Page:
Modern day Curling is a team sport played on sheets of ice, with 42 lb granite rocks and special brooms for creating friction on the ice. The origin of the sport itself remains a mystery, however it was the Scots who brought the sport to modern day. If you'd like to read about the history of Curling, I've found some interesting information on the Norfolk Curling Club website.
Curling can be played as a recreational sport, as well as competitively. You may have watched curling in the Winter Olympics, and depending on which part of the world you are from, this may have been your first introduction to the sport. Whether you're interested to learn to curl, or want to watch the sport every four years, understanding the curling game can make either more enjoyable.
A curling game is played with two teams, each team consisting of four members: Lead, Second, Vice and Skip. Some other sports are played in Innings, Quarters, or Periods. Curling is played in Ends. Competitive games have 10 ends, and recreational games commonly have 8 ends. Curling games can also go into extra ends.
Two teams play on a sheet of ice. On each end of the sheet, there is a house. The house is made of three concentric circles around the button. The objective is to have as many rocks closest to the button than your opponent to score points. For instance, if you have a rock in the 4-foot (diameter) circle and a rock in the 12 -foot circle, while your opponent has a rock in the 8-foot circle, you score one point since your opponents rock is closer to the button than your second rock.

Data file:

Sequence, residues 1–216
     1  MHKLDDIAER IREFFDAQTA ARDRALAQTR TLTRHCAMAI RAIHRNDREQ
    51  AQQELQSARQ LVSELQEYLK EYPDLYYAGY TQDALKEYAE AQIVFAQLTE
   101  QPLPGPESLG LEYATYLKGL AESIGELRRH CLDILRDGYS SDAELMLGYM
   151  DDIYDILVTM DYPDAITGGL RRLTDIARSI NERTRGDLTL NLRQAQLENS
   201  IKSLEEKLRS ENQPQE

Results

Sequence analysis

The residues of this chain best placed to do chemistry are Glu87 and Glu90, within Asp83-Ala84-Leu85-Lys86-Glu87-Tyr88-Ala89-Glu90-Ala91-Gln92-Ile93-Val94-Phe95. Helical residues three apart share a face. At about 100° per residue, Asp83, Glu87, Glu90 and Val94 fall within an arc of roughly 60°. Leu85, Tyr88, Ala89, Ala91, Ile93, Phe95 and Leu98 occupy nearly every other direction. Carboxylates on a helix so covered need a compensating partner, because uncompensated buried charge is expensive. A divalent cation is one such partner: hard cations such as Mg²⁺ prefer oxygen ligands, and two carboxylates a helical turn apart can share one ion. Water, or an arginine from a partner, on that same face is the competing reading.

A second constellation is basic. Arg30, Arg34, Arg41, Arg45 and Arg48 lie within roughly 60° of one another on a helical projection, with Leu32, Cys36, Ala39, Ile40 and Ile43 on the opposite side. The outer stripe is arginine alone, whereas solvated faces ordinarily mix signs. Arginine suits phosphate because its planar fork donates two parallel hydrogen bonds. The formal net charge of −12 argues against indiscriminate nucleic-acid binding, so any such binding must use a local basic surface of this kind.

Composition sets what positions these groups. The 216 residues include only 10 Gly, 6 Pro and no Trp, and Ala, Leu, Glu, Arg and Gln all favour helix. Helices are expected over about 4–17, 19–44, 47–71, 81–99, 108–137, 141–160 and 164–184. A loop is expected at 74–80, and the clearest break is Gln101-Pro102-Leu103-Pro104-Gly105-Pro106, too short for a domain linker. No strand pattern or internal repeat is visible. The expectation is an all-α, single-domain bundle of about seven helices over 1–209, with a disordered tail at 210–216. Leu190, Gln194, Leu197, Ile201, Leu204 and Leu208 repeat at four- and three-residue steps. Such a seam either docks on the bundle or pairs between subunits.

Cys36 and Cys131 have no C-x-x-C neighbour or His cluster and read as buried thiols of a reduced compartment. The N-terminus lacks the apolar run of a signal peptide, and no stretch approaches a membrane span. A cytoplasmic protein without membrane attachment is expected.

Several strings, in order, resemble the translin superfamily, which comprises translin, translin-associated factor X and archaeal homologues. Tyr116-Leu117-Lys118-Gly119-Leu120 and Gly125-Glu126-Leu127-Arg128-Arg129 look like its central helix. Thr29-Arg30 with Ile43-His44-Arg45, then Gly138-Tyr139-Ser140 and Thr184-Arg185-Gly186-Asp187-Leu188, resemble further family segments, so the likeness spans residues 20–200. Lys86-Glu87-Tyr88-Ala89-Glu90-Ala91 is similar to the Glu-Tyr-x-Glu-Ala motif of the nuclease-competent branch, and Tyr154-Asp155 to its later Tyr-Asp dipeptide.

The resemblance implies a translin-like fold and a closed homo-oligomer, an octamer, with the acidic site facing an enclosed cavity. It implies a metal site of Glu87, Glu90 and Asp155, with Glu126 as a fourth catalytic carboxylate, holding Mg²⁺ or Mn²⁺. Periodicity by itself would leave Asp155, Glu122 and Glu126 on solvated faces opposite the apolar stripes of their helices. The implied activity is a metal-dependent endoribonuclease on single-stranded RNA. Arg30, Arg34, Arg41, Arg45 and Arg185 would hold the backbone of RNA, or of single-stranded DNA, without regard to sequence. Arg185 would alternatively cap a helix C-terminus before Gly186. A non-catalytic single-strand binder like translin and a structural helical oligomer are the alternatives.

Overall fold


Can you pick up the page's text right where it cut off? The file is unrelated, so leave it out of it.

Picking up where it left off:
The team Skips are the strategists and the most experienced curlers on the team. The Vice, Second, and Lead deliver the shots indicated by the Skip, as well as sweep the delivered stones when their turn to deliver has ended. The Vice takes the house while the Skip delivers their stones in each end.
The order of team play is determined with a coin toss between the team Leads. The winner of the toss decides whether their team will go first or "take the hammer" which means their team will go second and therefore have the last shot of the end. Taking the hammer is usually the preferred choice. Since curling is a game of etiquette, it is traditional for all players to shake hands before the first rock is thrown and offer "Good Curling" to the other players. Similarly, when a game is over, players shake hands again and offer "Good Curling".
A co-worker pointed out this audio track by Jonathan Coulton. (Thank you Chiyo!) It appeared on Jonathan Coulton's blog in Feb 2006, around Winter Olymic time. Get inspired for 2010 and check it out.
Curl by Jonathan Coulton.